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SurveillanceNew Jersey “Texting against Terror” program a success

Published 11 October 2012

A $5.8 million federally funded program allowing New Jersey Transit commuters to “text against terror” has received 307 tips to the agency since the program started in June 2011; of those 307 messages, seventy-one have “referred to something regarding homeland security,” said Christopher Trucillo, chief of N.J. Transit Police

A $5.8 million federally funded program allowing New Jersey Transit commuters to “text against terror” has received 307 tips to the agency since the program started in June 2011.

Of those 307 messages, seventy-one have “referred to something regarding homeland security,” said Christopher Trucillo, chief of New Jersey Transit Police.

“Someone saw something that made them uncomfortable that required us to take secondary action, like an unattended bag or someone taking pictures in a particular area.” Trucillo told Asbury Park Press.

The majority of those seventy-one texts did not lead to further investigation, although “in a rare instance, we need to follow them up and refer them to the (state) Joint Terrorism Task Force,” Trucillo said.

The task force consists of the New Jersey State Police, New Jersey Transit, the Port Authority Police, DHS, and other agencies.

The Asbury Park Press reports that calls to the program are answered at a N.J. Transit Police communication center. When a text message is received on a computer, the screen turns red and a loud alarm flashes. Customers receive a confirmation text back from N.J. Transit Police saying their message was received, regardless of the message they sent.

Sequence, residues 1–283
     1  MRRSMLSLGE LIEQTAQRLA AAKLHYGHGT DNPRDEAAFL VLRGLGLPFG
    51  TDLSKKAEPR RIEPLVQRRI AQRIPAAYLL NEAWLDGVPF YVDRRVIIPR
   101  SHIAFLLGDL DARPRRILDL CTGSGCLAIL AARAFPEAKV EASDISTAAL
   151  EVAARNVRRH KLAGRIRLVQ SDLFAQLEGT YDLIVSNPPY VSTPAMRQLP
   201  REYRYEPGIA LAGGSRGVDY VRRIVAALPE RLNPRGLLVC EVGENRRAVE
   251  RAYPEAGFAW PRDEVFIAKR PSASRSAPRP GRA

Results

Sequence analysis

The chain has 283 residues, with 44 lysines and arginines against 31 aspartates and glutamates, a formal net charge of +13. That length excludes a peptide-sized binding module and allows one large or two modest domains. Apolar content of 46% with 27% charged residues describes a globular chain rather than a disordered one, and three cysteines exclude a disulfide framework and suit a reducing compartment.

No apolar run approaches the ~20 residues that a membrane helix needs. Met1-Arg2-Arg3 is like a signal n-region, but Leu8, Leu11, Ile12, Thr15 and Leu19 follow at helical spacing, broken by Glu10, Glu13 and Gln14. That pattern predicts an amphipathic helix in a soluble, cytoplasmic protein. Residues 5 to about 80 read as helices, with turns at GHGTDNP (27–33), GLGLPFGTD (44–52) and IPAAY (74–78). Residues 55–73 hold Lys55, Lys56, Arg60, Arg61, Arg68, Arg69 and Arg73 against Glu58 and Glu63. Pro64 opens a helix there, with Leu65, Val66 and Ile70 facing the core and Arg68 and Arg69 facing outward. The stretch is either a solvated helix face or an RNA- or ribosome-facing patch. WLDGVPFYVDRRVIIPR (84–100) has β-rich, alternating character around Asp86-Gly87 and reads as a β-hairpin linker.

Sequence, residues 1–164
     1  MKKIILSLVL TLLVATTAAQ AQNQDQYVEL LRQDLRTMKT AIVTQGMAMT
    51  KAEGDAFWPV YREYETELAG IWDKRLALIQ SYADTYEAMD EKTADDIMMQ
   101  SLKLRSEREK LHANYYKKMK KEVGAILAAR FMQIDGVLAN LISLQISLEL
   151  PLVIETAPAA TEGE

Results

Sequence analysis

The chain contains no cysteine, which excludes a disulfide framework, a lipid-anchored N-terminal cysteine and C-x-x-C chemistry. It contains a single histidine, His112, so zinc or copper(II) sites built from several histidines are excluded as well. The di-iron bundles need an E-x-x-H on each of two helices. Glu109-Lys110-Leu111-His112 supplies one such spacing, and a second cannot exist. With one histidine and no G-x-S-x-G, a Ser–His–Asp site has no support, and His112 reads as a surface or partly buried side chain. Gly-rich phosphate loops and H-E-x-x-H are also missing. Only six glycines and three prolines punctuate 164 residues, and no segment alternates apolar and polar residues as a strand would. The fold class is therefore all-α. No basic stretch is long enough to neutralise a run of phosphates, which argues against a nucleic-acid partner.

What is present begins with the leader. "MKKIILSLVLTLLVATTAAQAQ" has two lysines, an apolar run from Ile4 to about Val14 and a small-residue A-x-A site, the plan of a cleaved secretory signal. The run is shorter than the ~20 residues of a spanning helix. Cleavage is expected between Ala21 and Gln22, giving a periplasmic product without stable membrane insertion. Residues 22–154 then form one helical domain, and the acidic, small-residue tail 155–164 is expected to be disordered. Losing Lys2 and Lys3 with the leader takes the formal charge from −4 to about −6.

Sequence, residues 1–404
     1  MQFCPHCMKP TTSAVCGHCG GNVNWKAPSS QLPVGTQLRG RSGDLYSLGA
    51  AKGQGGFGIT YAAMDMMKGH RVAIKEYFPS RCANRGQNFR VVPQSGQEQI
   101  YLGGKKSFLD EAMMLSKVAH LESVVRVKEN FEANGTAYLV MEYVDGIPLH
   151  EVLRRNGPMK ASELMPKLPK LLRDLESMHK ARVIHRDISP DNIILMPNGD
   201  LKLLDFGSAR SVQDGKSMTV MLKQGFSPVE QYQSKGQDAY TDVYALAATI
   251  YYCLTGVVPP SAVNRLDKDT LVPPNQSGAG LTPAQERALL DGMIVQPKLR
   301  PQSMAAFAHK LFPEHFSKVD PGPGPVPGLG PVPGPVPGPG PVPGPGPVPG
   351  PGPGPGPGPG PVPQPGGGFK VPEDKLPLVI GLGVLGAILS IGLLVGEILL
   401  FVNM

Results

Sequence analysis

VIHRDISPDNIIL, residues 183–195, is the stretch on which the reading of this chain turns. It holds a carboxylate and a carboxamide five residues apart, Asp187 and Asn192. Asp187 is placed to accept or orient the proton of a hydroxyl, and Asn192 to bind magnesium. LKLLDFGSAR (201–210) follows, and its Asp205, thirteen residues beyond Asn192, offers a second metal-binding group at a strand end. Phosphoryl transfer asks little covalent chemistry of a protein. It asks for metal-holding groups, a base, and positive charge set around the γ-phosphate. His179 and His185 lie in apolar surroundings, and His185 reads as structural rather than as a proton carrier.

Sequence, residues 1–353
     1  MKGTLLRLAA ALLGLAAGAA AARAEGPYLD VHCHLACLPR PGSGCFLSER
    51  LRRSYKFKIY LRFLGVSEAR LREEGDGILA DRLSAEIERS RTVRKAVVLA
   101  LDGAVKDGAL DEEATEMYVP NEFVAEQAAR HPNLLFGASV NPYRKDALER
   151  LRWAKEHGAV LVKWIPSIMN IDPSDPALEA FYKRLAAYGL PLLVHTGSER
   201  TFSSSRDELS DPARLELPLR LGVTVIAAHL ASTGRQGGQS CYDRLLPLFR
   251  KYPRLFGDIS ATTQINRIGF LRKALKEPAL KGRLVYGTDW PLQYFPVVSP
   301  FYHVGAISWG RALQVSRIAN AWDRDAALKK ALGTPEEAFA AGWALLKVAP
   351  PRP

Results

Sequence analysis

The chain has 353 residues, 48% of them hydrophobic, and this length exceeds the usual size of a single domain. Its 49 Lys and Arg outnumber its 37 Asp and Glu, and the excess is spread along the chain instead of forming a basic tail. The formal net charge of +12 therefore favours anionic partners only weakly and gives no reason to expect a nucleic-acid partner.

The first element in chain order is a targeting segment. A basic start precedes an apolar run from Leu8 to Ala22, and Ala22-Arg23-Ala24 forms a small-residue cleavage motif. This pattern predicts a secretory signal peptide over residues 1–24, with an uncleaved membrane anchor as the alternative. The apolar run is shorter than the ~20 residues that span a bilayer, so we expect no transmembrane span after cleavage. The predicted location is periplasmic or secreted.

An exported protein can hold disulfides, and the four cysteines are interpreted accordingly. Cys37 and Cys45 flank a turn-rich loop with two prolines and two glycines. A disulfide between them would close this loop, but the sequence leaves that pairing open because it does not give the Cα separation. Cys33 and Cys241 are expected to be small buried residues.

The Text Against Terror program started with a $5.775 million DHS public awareness grant. Without the grant the program would not exist. The money from the grant paid for advertising through radio and television as well as on trains and buses. Some of the ads were played on TV and radio in New York City, which has some of the highest advertising rates in the country.

Officials increased the number of ads for the campaign in the weeks preceding the eleventh anniversary of the 9/11 attacks. Ads promoting the service aired 4,023 times on radio and TV from 27 August to 8 September.

“We live in a dangerous world and in an area where two significant terrorist events happened (in 1993 and 2001),” Trucillo, who was a Port Authority police captain on the day of the 2001 attacks, toldApp.com. “We ask people to understand that we do it with their best interests in mind and to make the public aware of counterterrorism efforts, so we can keep mass transit safe.”

The 9/11 attacks were one of three massive terrorist attacks on mass transit. In 2004 ten backpack bombs were set off on a commuter rail system in Spain killing 191 people and wounding another 1,800. In 2005 suicide bombers set off bombs on buses and subways in London killing fifty-two people and wounding 700 others.

The text messages that have been sent as a result of the program have ranged from suspicious activity to customer service information to accidental messages according to Trucillo.

The idea for the text-tip program originated after Trucillio said he read a New York Times article on how people prefer to communicate.

“Our customers are in a closed, tight environment; we’re asking them to report suspicious behavior, but we have to make it safe for them,” Trucillo told App.com. “They may not feel comfortable picking up the phone when someone is sitting two seats away. Text tips are convenient.”

Trucillo now hopes the three-year grant will be renewed in order to advance the program, which has already started using Facebook and Twitter as a way for more commuters to send tips and communicate with other riders.

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